Tag Archives: hire

The best job application ever?

Every once in a while someone comes along and really raises the bar.  Earlier this week I blogged on the brilliant “Employ Kyle” campaign conducted by Kyle Clarke.  Hot on his heels I came across this exceptional approach to the job search from self-confessed “PR propagandist, social media transmitter, digital brigadier” Graeme Anthony.

This just might be the best job application I have ever seen.  Creative, thought-provoking, passionate, engaging, different.

Would you employ this guy?  Judge for yourself.

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Filed under Careers, Hiring, Recruitment, Social Media

A great Recruiter can transform your life

A great Recruiter can transform your life.  That’s a real privilege, something that as Recruiters we should not overlook.

Think of it logically, you are de-motivated, disengaged, disenfranchised, disappointed in your current job.  You meet with a Recruiter who takes the time and trouble to really understand what makes you tick, your background, personality, talent, aspirations, skills, motivations.  They introduce you to a job that you love.  That changes your life.

The opposite is also true.  If the Recruiter fails in their responsibility to you, that can also change your life, albeit clearly in a negative way.

Think of the impact a great hire has on a business.  Transformation, growth, new opportunities, wealth and job creation, the list goes on.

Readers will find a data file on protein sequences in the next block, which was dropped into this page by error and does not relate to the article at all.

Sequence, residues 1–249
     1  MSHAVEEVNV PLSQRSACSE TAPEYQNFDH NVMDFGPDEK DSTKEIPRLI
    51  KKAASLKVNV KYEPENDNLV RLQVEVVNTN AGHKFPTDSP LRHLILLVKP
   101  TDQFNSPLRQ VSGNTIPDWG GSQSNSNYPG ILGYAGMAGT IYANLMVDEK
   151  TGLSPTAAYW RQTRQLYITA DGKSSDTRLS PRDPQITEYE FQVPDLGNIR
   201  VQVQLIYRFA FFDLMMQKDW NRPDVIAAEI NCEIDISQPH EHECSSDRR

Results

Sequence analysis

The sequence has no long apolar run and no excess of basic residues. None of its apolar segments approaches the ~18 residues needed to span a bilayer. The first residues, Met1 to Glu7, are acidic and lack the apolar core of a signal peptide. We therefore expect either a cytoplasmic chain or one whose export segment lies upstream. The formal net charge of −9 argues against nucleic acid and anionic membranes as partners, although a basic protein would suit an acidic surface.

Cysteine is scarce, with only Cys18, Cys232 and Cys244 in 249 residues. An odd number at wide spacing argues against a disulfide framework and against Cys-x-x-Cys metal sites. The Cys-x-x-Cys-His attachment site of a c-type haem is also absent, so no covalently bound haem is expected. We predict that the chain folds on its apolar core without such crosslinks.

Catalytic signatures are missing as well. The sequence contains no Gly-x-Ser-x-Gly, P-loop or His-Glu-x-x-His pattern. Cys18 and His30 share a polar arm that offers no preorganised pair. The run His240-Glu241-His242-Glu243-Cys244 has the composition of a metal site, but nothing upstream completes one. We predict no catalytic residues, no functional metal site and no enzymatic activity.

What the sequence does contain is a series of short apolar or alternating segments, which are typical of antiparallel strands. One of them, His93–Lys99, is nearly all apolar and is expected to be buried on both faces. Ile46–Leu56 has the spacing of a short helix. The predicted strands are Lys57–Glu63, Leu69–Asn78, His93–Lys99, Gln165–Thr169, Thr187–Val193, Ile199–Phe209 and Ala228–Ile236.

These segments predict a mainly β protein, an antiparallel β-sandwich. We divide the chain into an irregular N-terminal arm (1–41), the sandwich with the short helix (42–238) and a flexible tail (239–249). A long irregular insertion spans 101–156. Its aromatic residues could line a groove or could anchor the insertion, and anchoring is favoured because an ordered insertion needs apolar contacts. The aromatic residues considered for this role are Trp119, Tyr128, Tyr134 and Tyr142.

Great Recruiters have a critical role to play in delivering the talent business needs to realise its ambitions.  Great Recruiters have great influence, they can unlock doors that can lead you to great opportunity.

Find out who they are.  You have a choice with whom you work.  If you don’t feel the Recruiter best represents you, don’t work with them.  Take your time and seek out the great Recruiter, instinctively you will know him or her when you meet them.

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Filed under Recruitment, Talent

The War for Talent – back on the agenda for 2010.

The number of people claiming jobless benefits in December dropped by 15200. According to the International Labour Organization, unemployment fell by 7000 in the three months to the end of November. Positive news at long last. At 7.8%, unemployment is clearly unacceptably high, but could we be starting to see a small chink of light in the long dark unemployment tunnel in the UK?